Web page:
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The Wall Street Journal reports that Whole Foods, "which has long given its local managers and regional bosses broad discretion over everything from buying cheese to store design, is whittling away at some of that autonomy in an effort to reduce costs and boost its clout with suppliers. As stiffer competition erodes its profit growth, the natural and organic foods retailer is tweaking its management style by centralizing and streamlining some functions. The changes could be risky for the company as it tries to wring more efficiency from its stores without sacrificing the local flavor and specialty offerings that have been a cornerstone of its success."

This includes "shifting more responsibility for buying packaged foods, detergents and other nonperishable items for the more than 430 stores to its Austin, Texas, headquarters. It is deploying software to simplify labor-intensive tasks like scheduling staff and replenishing shelves.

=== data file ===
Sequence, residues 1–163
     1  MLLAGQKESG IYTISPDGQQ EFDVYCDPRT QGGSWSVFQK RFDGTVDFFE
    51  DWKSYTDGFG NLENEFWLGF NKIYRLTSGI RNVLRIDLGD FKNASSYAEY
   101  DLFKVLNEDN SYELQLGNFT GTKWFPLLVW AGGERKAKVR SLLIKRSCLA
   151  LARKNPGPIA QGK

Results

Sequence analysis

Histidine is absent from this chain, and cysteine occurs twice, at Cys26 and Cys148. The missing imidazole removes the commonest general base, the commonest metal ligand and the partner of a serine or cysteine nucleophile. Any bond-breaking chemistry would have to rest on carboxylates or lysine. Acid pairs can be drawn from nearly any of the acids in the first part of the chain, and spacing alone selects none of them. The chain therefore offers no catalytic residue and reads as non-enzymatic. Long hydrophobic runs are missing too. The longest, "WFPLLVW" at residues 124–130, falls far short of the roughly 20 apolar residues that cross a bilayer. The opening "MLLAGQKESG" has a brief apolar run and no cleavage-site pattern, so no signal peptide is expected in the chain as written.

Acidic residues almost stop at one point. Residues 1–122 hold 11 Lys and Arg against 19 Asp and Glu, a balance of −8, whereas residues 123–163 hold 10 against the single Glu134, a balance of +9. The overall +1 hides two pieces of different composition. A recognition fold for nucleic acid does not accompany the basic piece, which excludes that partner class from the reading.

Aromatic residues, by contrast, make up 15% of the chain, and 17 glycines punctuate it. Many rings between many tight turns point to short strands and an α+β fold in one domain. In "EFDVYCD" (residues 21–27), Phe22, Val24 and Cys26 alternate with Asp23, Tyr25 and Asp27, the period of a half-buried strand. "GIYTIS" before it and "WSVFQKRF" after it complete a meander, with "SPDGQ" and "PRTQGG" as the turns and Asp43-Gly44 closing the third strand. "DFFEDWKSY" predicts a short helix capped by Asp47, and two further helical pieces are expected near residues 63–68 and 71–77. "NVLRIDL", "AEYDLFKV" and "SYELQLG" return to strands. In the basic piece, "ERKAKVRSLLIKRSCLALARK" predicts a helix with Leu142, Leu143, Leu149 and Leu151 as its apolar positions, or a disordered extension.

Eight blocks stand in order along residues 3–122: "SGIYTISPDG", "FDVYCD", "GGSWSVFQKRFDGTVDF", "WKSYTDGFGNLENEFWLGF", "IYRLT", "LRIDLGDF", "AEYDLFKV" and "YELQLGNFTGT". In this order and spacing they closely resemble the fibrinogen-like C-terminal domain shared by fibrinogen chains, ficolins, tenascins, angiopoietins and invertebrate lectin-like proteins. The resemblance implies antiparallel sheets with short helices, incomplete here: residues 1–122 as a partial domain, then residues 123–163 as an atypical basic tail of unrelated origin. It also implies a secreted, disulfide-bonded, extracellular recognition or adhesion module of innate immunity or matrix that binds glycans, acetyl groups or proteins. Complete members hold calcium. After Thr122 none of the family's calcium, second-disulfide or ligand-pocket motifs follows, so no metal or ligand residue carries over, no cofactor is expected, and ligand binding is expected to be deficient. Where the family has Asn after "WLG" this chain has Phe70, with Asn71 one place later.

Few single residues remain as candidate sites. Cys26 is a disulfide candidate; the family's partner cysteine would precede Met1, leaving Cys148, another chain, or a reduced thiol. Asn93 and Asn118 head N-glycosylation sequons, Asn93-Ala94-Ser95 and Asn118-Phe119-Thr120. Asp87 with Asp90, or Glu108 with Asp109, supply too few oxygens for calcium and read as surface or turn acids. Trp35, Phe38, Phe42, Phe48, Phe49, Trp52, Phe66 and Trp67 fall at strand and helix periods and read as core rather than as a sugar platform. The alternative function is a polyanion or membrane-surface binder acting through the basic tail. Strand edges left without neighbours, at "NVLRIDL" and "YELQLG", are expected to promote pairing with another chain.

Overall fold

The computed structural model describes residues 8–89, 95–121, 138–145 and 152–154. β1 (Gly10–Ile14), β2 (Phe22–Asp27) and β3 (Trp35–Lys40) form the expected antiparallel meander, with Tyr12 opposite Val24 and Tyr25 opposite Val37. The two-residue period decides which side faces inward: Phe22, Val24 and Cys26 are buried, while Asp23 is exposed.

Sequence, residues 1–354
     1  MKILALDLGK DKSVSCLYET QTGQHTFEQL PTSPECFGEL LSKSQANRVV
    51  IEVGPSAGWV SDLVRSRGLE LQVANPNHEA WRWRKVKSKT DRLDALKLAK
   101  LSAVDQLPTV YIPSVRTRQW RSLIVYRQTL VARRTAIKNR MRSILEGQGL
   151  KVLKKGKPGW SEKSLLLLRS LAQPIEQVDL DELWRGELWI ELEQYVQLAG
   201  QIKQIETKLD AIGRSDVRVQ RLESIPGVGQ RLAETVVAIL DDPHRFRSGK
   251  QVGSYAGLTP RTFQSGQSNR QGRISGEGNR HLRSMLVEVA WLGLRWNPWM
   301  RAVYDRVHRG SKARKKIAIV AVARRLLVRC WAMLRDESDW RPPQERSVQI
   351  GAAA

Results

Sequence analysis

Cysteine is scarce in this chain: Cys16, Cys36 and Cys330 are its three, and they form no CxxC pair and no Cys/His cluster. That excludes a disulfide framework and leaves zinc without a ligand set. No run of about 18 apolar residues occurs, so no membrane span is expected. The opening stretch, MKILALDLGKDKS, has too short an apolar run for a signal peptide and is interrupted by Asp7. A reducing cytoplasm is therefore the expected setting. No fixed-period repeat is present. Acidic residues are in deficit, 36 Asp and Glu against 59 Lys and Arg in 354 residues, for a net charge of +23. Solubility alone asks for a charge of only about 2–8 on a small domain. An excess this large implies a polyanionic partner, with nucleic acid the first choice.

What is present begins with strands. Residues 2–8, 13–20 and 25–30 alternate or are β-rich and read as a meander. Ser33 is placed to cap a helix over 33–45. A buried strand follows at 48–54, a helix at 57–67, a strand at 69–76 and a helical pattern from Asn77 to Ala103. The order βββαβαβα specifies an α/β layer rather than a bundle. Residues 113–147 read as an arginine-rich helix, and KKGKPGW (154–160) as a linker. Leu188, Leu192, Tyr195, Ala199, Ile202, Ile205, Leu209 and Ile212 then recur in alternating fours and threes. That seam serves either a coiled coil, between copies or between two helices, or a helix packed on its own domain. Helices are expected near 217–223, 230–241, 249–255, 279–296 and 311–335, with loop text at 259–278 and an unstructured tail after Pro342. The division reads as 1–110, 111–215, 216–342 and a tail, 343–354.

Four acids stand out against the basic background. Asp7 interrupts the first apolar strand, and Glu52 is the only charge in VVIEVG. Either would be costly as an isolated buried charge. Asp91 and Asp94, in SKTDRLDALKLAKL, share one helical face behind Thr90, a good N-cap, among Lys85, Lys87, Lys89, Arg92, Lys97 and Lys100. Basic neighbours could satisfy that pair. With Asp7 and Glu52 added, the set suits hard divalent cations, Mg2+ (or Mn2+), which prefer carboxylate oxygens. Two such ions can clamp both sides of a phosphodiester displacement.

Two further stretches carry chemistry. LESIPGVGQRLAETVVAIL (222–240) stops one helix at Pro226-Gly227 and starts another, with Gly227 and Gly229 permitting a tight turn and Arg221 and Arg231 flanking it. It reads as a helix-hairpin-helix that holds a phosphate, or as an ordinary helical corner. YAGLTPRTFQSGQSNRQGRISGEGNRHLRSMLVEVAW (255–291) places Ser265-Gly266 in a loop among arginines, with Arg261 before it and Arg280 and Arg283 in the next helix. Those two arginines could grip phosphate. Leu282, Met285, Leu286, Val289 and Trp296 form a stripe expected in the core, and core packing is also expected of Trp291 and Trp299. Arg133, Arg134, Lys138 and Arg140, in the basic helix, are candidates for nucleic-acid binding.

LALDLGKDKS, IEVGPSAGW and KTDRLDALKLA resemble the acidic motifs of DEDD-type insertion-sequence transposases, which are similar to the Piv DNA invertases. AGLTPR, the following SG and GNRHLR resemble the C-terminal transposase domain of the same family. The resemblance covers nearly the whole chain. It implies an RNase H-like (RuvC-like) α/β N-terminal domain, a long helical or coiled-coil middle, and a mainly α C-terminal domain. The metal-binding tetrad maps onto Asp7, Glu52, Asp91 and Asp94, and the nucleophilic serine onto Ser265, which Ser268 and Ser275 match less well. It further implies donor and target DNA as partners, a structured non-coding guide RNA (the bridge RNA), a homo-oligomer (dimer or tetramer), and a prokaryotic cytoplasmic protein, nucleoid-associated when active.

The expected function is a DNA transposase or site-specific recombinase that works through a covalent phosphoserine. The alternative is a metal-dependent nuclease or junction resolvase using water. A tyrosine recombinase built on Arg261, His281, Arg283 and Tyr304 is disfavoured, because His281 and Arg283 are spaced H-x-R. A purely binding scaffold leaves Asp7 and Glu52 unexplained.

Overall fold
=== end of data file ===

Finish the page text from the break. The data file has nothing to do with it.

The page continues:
The chain also is seeking to save about $300 million a year by September 2017, partly by eliminating more than 2,000 jobs, a plan it announced last fall."
KC's View:
It isn't an absolute, but I tend to believe that centralizing buying and scheduling tasks puts the emphasis on efficiency rather than effectiveness ... and this could end up being an enormous problem for Whole Foods. It can result in a disconnect between the store and the shopper. It may be good short term for company results, it may satisfy the investor class, but will it make the Whole Foods in my town - 1800 miles from company headquarters in Austin - a better, more responsive store?

I am dubious.